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Discussion Starter · #1 ·
How bad is roundup? My neighbours and MIL are aching to kill the blackberries with roundup. My MIL is just butting in, but the neighbours keep sending their gardener over with a tub full of poison. I just want an article to show them why I am will to keep cutting back the blackberries...<br>
Anybody have any good info out there?
 

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I'm curious to know about this too. I did use Roundup to clear some of our property - it was the only thing that worked! To minimize the impact, I didn't just spray the stuff all over the blackberry bushes though; I cut each individual stalk down to the ground and just put a squirt of Roundup right on the remaining stub. It took forever, but was very effective.
 

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I use RoundUp on a knotweed infestation but only after I tried everything else - 2 seasons of pulling up, digging out, and smothering. I use it as Mere describes - I cut it down to the last little stump and spray only on the cut surface. I cut and spray every sprout that comes up all summer long. It works best in the fall when the plant is sending all the nutrients back down to the roots. I searched the web and couldn't find a better solution. Knotweed is extremely invasive and RoundUp was recommended even by organic gardeners in this instance. RoundUp is not supposed to stay in the soil very long and I handle it VERY carefully. This is the second year I have treated the knotweed with RoundUp. Hopefully, it won't come up again next spring.<br><br>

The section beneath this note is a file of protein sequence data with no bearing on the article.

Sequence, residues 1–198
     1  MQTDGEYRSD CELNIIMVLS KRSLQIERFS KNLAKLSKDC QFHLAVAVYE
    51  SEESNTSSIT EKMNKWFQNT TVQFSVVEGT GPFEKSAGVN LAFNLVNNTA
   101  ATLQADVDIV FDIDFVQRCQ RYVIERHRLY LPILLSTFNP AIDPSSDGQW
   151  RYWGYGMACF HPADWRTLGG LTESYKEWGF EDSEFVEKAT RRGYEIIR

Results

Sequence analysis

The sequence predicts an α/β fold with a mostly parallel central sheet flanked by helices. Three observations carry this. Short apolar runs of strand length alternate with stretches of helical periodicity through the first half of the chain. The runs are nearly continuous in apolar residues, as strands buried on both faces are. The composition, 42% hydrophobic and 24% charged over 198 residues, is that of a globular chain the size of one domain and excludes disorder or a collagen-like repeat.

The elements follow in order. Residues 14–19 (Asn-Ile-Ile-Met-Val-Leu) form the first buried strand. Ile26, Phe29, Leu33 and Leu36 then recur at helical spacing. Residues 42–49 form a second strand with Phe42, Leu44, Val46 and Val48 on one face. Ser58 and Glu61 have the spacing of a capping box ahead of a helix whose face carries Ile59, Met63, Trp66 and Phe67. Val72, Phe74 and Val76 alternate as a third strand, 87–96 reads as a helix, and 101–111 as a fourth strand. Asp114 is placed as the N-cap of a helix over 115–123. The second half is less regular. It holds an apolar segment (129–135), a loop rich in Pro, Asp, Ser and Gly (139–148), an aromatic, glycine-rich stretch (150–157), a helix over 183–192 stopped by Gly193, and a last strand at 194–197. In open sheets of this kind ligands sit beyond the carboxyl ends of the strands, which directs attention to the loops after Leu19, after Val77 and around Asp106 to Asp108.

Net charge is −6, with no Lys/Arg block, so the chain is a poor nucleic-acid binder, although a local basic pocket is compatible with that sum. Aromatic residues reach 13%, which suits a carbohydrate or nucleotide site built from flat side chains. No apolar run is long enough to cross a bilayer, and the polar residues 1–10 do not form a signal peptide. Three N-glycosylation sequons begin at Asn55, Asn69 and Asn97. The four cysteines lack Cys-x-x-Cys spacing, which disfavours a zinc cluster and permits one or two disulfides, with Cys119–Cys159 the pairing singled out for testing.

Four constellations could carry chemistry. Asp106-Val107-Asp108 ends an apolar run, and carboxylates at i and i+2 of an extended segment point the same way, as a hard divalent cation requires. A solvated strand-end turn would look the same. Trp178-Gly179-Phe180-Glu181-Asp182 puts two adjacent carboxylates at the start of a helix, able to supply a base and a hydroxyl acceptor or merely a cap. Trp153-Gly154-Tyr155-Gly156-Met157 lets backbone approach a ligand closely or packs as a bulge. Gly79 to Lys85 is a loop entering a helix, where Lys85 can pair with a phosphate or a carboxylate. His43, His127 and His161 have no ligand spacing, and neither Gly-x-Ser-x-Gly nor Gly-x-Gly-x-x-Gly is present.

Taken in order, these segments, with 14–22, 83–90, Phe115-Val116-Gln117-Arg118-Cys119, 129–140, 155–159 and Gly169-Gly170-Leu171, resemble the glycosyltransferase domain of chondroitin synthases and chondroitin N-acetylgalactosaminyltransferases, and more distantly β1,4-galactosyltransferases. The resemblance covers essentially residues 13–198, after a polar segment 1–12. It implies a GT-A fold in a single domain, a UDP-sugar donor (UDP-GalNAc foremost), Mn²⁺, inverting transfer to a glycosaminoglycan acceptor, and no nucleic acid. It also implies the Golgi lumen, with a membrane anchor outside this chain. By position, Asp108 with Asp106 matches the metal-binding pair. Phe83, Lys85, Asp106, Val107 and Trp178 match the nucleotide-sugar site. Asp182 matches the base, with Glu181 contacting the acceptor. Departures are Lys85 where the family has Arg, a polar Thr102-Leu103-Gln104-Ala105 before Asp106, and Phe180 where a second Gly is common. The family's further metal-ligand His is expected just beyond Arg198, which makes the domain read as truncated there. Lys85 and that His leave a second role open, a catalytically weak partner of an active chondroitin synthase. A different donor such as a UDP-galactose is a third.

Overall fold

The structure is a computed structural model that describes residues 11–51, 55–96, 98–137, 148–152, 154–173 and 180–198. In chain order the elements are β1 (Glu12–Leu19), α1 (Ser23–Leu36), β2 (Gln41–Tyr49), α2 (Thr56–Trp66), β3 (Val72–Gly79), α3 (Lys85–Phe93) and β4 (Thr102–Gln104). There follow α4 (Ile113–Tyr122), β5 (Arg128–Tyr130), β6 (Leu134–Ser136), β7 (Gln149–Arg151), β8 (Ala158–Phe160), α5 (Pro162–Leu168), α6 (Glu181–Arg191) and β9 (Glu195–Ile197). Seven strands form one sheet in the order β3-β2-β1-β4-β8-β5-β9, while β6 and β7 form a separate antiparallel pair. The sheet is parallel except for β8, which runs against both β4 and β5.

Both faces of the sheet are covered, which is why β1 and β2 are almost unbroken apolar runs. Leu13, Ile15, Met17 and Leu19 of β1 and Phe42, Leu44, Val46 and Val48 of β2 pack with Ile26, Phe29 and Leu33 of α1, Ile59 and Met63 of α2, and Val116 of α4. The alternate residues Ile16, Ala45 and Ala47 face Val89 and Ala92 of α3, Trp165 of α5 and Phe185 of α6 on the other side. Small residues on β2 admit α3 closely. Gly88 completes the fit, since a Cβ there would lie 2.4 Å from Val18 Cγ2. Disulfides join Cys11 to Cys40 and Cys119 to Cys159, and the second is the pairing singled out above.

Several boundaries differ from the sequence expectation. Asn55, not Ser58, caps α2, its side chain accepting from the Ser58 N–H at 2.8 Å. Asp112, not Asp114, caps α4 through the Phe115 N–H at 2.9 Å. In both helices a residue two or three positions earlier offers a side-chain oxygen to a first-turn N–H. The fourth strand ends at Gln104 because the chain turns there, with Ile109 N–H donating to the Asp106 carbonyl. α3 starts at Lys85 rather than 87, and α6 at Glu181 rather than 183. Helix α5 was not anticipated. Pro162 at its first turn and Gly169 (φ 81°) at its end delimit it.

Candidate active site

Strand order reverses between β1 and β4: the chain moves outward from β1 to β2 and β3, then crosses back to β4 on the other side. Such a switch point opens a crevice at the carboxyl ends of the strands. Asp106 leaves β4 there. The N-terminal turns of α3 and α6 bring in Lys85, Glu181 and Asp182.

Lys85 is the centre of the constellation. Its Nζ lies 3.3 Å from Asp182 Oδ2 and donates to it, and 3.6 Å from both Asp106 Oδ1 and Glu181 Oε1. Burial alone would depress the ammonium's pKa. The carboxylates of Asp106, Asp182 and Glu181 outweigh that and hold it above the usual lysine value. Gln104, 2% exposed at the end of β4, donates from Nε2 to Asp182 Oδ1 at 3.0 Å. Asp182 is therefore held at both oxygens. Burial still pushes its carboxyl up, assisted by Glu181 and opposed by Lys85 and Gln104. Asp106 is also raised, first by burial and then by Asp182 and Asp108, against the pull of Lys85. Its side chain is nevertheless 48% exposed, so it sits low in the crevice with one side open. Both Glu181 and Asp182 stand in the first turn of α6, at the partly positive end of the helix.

So basically, it depends on your own level of comfort. I really tried everything before resorting to a chemical. Also make sure that RoundUp is what is recommended for black berry bushes. Herbicides are highly specialised. It would be a huge shame to spray chemicals that don't work on that type of plant.
 

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:<img alt="" class="inlineimg" src="http://www.mothering.com/discussions/images/smilies/soapbox.gif" style="border:0px solid;" title="soapbox"><br><br>
Roundup is less toxic than many herbicides, but for me the issues with roundup are more about the company that makes it--Monsanto--encouraging farmers to buy their GMO, roundup resistant crop seed (from what I've read in general they end up with less marketable crop per acre and commited to using more roundup than they used to--a vicious cycle)<br><br>
In extreme cases it's the only thing that will work, unfortunately.<br><br>
Here's a fact sheet on Roundup from Greenpeace:<br><a href="http://archive.greenpeace.org/geneng/reports/gmo/gmo009.htm" target="_blank">http://archive.greenpeace.org/geneng...gmo/gmo009.htm</a><br><br>
Blackberries will always come back from elsewhere by root unless you kill every plant (thus encouraging the vicious cycle of having to spray again). Why not just eat them and enjoy?? Or dig them out instead of cutting off...
 

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Discussion Starter · #5 ·